This article appears in the Fall 2019 issue of the
PE GI Journal
Addressing one of the largest risks in healthcare: cybersecurity.
Cyberattacks on the healthcare industry have been an unfortunate reality for decades; however, in the last few years the frequency and breadth of these attacks has reached almost epidemic levels. In 2018, the Department of Health and Human Services (HHS) Office of Civil Rights (OCR) alone levied $28 million in fines for security breaches, and that is just the tip of the iceberg. Some experts estimate these breaches cost the industry $5 billion annually, including the cost to fix the breach, the lost revenue due to lack of access to information during a breach and the negative impact on patients’ perception of the organization affected.
The healthcare industry is a prime target for cybercriminals because of the value of healthcare data. In particular this includes the personal health information (PHI) of patients, which can be extremely valuable for identity theft and other types of fraud. However, in addition to PHI, healthcare industry clinical research and intellectual property are valuable to cybercriminals.
Ransomware and Other Types of Breaches
One of the most discussed types of cyberattacks is ransomware. This refers to a situation where a cybercriminal gets access to your network and then encrypts files or otherwise restricts access to your own data or networked equipment until your organization pays a ransom. As with many data breaches, this often occurs when a worker mistakenly clicks a link in an email or interacts with something malicious online that gives the criminal access to your system.
This practice of sending emails or messages intended to get employees to click on malicious links—which are usually disguised as something innocuous such as a document from a coworker or photos from a friend—is called phishing. In a 2018 breach that resulted from a phishing attack, health insurance company Anthem, Inc., agreed to pay $16 million to OCR, establishing a new record as the single largest HIPAA fine for a security breach.
In addition to phishing, other common ways healthcare organization data is breached include:
- Loss or inadvertent disclosure of sensitive information. For example, if an employee misplaces his or her work phone or leaves a laptop unattended.
- Stolen information. Similarly, if an employee’s phone or computer with sensitive information or login and password access to secure networks is stolen.
- Insider breach. An employee of your organization who has access to secure information maliciously provides that access to criminals.
- Third-party breach. Another organization or vendor you work with and has access to your sensitive data is breached.
- Unsecure data. Data, including PHI, that should be secured is inadvertently left discoverable by the public.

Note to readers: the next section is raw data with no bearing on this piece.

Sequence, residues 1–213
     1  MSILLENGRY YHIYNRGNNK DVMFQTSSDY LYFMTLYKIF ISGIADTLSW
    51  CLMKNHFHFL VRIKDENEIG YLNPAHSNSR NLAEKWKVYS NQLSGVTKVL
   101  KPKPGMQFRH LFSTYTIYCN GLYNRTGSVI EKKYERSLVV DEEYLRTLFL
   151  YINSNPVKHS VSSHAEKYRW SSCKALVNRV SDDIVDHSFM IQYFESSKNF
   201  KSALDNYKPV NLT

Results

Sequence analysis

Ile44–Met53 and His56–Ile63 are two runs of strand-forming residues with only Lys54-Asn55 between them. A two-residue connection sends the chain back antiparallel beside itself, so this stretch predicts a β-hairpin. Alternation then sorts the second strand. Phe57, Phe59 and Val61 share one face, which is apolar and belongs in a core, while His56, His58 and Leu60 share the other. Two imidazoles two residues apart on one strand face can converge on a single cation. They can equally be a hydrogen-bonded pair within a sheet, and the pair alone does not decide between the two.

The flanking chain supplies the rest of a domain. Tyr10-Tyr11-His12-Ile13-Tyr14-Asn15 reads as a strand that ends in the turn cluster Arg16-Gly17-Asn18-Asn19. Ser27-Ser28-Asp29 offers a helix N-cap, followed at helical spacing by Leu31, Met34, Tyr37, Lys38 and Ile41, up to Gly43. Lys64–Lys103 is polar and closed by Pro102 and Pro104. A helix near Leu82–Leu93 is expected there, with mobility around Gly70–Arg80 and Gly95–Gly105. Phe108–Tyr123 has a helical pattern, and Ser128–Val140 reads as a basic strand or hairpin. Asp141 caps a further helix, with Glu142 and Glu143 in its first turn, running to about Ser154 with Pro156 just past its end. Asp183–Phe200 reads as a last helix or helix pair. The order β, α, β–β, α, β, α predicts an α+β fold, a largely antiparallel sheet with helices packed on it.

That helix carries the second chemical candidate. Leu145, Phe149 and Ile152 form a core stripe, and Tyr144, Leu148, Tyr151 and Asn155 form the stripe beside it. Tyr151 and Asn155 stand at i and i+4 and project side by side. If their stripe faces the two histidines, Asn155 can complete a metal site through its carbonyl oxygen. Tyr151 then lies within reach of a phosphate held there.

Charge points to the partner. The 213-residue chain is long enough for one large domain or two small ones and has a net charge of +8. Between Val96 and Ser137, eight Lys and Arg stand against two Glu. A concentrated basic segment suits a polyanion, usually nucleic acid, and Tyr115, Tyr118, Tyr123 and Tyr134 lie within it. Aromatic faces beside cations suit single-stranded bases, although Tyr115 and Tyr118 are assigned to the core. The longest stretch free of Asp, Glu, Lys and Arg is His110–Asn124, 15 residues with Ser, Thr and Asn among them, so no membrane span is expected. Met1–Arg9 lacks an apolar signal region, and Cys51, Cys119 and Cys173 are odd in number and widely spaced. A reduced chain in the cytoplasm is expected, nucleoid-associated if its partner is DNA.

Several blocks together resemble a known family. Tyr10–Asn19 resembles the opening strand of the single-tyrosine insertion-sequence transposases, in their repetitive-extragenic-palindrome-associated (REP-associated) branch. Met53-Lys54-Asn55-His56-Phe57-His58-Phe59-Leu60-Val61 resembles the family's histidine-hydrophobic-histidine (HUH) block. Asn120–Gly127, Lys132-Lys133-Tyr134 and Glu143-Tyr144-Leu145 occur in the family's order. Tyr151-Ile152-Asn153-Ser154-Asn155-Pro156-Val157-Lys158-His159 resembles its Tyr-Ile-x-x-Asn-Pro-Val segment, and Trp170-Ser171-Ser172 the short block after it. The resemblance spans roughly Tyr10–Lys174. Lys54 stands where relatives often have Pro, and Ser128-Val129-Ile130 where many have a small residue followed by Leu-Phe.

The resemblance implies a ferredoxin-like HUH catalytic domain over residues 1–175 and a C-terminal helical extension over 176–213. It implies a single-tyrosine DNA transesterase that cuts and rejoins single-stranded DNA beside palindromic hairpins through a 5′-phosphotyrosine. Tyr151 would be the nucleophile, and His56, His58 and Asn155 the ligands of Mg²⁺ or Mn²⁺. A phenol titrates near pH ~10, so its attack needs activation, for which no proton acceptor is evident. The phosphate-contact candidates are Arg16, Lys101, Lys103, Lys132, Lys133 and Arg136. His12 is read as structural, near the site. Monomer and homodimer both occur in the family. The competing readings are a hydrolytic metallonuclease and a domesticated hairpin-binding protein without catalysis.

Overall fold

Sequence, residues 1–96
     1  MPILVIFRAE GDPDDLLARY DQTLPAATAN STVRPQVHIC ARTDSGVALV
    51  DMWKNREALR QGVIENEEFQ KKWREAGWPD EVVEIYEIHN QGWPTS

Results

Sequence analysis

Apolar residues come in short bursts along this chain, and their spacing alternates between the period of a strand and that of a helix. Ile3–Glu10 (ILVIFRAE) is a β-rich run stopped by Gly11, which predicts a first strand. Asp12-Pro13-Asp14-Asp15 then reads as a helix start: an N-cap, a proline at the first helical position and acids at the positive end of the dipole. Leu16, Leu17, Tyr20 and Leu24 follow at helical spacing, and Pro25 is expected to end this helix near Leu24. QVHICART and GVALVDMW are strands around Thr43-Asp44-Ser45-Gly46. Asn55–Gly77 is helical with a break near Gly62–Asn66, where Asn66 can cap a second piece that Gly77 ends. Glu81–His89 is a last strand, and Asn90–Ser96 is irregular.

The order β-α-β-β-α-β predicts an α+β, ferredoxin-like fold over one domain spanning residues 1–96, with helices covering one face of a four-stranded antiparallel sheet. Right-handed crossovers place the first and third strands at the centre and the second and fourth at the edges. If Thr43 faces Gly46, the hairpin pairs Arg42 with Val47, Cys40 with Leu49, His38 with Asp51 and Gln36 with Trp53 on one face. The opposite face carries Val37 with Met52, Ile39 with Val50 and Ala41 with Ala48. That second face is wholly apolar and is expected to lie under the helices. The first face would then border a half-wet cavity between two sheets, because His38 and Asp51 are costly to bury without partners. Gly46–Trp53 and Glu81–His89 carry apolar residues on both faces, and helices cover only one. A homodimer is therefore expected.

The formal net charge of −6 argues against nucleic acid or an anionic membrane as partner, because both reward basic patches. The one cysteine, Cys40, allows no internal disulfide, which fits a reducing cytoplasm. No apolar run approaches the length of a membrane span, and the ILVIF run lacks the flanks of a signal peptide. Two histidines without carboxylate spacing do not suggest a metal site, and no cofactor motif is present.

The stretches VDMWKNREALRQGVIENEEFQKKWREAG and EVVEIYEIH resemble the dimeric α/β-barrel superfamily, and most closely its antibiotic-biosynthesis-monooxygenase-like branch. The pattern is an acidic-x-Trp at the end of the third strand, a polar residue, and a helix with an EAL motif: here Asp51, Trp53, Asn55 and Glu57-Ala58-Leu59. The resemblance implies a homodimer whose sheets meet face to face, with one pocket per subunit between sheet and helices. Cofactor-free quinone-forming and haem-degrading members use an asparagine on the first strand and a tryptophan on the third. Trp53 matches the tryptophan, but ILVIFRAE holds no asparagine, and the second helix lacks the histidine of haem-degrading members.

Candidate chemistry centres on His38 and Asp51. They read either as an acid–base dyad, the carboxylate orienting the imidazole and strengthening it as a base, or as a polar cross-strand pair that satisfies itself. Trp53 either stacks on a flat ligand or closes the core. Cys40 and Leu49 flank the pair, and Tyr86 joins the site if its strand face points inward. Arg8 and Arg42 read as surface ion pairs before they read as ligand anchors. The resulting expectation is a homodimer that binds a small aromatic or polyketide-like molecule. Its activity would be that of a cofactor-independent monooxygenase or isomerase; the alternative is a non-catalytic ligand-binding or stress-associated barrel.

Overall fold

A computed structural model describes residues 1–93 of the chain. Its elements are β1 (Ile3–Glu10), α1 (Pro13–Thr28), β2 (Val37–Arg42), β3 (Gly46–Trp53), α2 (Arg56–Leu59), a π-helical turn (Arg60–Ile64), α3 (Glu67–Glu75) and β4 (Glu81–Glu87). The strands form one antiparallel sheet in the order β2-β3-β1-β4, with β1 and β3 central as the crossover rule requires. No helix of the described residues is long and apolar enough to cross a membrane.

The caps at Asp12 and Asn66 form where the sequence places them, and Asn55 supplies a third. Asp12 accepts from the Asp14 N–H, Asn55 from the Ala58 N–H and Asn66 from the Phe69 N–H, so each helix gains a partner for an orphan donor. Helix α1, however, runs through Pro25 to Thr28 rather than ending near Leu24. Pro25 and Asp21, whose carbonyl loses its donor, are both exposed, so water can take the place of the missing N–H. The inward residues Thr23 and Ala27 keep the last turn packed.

Addressing Cybersecurity in Your Organization
It may seem obvious, but one of the most important ways to protect your organization from cyberattacks is to have a well-defined cybersecurity plan and procedure. This can include, but isn’t limited to: clearly stated employee duties with regard to cybersecurity, properly-defined software upgrade procedures, regular audits of networks and other technology used such as cloud computing, and an emergency protocol in the event a breach occurs.
Additionally, if you don’t have an IT officer with experience in your organization, consider hiring one or working with a consultant or vendor. While the healthcare industry is a target because of the value of its data, experts also note that many healthcare organizations lack adequate resources to address cybersecurity, and this can compound the severity and financial impact of breaches.
Training Your Team
With a well-defined cybersecurity procedure comes training. A 2016 review of cybersecurity literature in Technology and Health Care found that the “most stressed security technique in the literature is proper employee training.” Many of the common types of cybersecurity breaches involve a human component that could be prevented with regular and comprehensive employee training.
When developing training, look to your IT experts for guidance. You can also find resources and guidance online, particularly from HHS. Last year, HHS released a publication that it developed in partnership with the healthcare industry titled Health Industry Cybersecurity Practices (HICP): Managing Threats and Protecting Patients. This publication provides guidance on “voluntary cybersecurity practices to healthcare organizations of all types and sizes.”
As technology develops and medical devices and equipment, as well as patients’ PHI, become more and more accessible over the internet, cybersecurity concerns will only increase. Currently, many practices, hospitals and health systems are not prepared for cyberattacks, and a single breach could end up costing an organization millions of dollars. Examining cybersecurity readiness is extremely important for organizations of all sizes, and even small steps in the right direction can make a difference.
Billy von Grossen is a Network Administrator at Physicians Endoscopy (PE) and can be reached at email@example.com.